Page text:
September 29, 2017

Pros and Cons of Using Suboxone For Heroin Withdrawal

Only about 10 percent of people who suffer from opioid dependence are being treated for it.” Part of the reason why the majority is not being treated is due to lack of options. It simply is just not easy for those wanting to get treatment for and detox from heroin.

One option such as Methadone is often brought up when someone wants to detox, but it can be difficult to access since it’s typically only available at specialized addiction clinics. It’s not just about getting access to the pills however, Methadone detox can require up to a 30 day tapered dose treatment under medical supervision and then the majority of patients tend to relapse regardless.

This is where Suboxone could help. Unlike Methadone, Suboxone can be prescribed in most doctor’s offices which makes it easier for people seeking help to get it.
Suboxone is used during the detox stage of treatment in order to ease some of the uncomfortable symptoms of opiate withdrawal and help the person wain off of their drug of choice. When Suboxone is no longer required, a slow taper is often recommended and those who taper slowly off Suboxone will experience virtually no withdrawal effects.

How Does Suboxone Work?

Suboxone contains two separate medications called Buprenorphine and Naloxone which work together in separate ways to help a recovery addict begin their treatment for heroin.

Buprenorphine works by stimulating the part of the brain that is activated by heroin or other opiates without giving the brain the full effect of them. That may sound like it is no better than the actual opiate addiction itself, but one of the great things about Buprenorphine is that it can never give you the full opioid effect. Buprenorphine is a partial opioid agonist while drugs such as heroin are full opioid agonists and because of this suboxone is much more difficult to get addicted to than other opiates.

Buprenorphine is so effective in detox because it tricks the brain into thinking that a opioid like heroin is in your system, but you actually aren’t feeling that high that comes with a drug like heroin. By doing this, Buprenorphine suppresses the withdrawal symptoms and cravings associated with the abused opiate.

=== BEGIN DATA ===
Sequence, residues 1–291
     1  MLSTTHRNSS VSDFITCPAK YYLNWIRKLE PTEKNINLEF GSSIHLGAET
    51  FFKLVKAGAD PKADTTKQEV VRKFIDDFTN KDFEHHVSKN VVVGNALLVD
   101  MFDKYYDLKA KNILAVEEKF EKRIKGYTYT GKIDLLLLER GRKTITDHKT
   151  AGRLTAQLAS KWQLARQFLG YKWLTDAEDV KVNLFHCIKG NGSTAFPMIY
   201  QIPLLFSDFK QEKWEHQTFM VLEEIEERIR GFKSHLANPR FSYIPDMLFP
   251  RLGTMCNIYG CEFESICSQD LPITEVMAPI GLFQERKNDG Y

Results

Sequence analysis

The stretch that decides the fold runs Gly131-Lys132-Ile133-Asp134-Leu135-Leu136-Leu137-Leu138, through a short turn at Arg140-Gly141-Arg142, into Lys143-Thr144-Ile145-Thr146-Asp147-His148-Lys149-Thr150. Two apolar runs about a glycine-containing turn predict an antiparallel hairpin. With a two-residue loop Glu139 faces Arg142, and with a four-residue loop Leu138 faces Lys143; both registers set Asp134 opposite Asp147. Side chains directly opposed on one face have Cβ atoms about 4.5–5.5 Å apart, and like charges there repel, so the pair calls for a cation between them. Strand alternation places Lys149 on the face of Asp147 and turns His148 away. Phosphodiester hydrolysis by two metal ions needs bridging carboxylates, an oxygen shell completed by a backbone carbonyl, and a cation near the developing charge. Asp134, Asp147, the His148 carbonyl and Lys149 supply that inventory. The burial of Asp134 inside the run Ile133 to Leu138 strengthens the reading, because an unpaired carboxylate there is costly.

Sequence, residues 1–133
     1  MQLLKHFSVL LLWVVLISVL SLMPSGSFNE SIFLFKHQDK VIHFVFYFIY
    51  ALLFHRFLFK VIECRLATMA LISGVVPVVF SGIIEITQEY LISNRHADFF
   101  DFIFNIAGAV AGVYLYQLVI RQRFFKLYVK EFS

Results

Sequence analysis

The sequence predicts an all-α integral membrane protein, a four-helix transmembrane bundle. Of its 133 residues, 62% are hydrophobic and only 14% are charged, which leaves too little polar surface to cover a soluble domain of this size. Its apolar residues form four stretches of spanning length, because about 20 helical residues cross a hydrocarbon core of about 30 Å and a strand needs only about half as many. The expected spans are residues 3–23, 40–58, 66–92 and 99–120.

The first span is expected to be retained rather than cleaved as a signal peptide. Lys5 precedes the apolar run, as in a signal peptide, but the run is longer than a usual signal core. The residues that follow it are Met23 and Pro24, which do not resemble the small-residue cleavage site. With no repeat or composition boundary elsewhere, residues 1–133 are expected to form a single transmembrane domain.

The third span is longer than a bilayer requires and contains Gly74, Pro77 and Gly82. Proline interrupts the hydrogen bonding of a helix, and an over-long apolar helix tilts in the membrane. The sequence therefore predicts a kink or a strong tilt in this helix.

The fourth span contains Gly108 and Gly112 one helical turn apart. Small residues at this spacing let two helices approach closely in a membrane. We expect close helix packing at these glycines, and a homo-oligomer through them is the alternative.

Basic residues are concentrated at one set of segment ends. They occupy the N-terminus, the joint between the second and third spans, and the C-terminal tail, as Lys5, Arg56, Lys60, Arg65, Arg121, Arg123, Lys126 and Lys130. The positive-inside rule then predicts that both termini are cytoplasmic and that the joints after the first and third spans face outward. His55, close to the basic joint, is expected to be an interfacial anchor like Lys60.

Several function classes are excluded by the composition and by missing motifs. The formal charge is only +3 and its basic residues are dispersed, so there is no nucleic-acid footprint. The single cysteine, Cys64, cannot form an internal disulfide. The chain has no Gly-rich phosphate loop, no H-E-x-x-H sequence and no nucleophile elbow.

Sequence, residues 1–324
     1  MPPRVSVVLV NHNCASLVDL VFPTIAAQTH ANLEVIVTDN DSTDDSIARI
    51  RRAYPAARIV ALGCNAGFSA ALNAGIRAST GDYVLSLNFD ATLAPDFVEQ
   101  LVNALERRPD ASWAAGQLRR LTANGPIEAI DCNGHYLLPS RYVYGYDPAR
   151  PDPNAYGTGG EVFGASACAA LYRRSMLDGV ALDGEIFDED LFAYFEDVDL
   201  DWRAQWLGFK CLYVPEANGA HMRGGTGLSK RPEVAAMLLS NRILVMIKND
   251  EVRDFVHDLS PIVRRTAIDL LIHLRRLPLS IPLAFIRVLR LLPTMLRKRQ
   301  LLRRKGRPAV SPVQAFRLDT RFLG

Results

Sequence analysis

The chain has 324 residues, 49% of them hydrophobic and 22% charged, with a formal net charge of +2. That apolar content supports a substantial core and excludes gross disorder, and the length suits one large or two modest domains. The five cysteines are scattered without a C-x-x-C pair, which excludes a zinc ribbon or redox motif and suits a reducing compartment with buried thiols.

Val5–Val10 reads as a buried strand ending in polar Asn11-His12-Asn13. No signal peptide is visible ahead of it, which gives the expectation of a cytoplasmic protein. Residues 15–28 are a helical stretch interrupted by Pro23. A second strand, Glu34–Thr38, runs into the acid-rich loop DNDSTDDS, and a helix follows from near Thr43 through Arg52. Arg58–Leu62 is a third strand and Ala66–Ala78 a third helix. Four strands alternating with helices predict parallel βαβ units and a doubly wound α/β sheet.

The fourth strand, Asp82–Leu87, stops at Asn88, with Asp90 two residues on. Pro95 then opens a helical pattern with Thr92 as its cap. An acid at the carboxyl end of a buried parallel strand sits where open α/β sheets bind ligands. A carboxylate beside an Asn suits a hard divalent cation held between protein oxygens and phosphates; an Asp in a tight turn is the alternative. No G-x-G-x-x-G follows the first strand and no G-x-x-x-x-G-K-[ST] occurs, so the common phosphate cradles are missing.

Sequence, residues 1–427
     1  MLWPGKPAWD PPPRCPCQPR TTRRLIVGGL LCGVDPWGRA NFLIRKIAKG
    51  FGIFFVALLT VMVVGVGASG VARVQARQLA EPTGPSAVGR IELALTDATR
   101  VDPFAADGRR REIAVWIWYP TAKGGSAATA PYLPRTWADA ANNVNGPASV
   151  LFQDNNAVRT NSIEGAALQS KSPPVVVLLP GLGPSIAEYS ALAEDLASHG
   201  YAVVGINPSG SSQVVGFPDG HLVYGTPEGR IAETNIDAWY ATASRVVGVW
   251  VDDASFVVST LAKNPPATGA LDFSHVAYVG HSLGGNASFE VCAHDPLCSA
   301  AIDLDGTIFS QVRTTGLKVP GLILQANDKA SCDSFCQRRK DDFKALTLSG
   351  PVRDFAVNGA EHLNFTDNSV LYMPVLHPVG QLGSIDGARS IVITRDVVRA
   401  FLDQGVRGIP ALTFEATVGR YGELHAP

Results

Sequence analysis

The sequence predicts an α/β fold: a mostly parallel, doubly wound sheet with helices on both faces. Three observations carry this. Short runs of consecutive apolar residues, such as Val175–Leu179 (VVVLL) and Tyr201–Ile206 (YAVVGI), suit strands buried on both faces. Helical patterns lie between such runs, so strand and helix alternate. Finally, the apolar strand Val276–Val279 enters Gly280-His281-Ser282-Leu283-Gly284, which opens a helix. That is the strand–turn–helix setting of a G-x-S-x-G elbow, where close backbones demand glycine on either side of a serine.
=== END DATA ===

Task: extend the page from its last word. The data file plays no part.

The second medication involved in Suboxone works in the opposite way, instead of stimulating the opioid receptors in the brain, Naloxone blocks the effect entirely. This is important because it also limits the chances of abuse. The main reason why Naloxone was added to Suboxone was to avoid people snorting or crushing it.

If Naloxone was crushed and snorted it would travel to the brain more rapidly than ingesting it as with most drugs, but instead of giving the person an increased effect of what they want they would trigger severe withdrawal symptoms.

When Buprenorphine and Naloxone work together in Suboxone they produce outstanding results.

Results showed that approximately 49 percent of participants reduced prescription painkiller abuse during extended (at least 12-week) Suboxone treatment. This success rate dropped to 8.6 percent once Suboxone was discontinued.” (


Disadvantages of Suboxone

Although suboxone was designed to be un-abusable, there are still enough cases of Suboxone addiction that we need to be careful both as recovering addicts and as treatment professionals. Since Buprenorphine affects the opioid receptors in the brain it can potentially create dependence, especially if it’s not used under medical supervision.

One man stated that it’s the only drug he’s ever been addicted to and seven years later he still is not free from his addiction.

Dependency on Suboxone is a potential danger for those who have not previously been addicted to an opiate due to their body’s low tolerance for it. Suboxone is designed to taper opiate addicts off of their drug of choice and because of this people who are already addicted to a stronger substance do not experience the high that can come from Buprenorphine.

If someone who has never used a hard drug before suddenly used Suboxone they would experience the same euphoria and high that a heroin user would get. This is why along with all prescriptions we need to follow the directions that our doctors give us and not share our prescriptions with other people.

Overall Suboxone is a great tool for recovering addicts of heroin and other opiates to eliminate much of the severity that comes with withdrawal. It is effective when used correctly as prescribed by your medical professionals.

If you’re trying to break free from your addiction of opiates or other substances but haven’t been able to do it on your own, call us at (877) 212-8299  and we will guide you throughout your journey to recovery. Our treatment specialists are here to listen to your individual situation and find the program that is a perfect fit for you.

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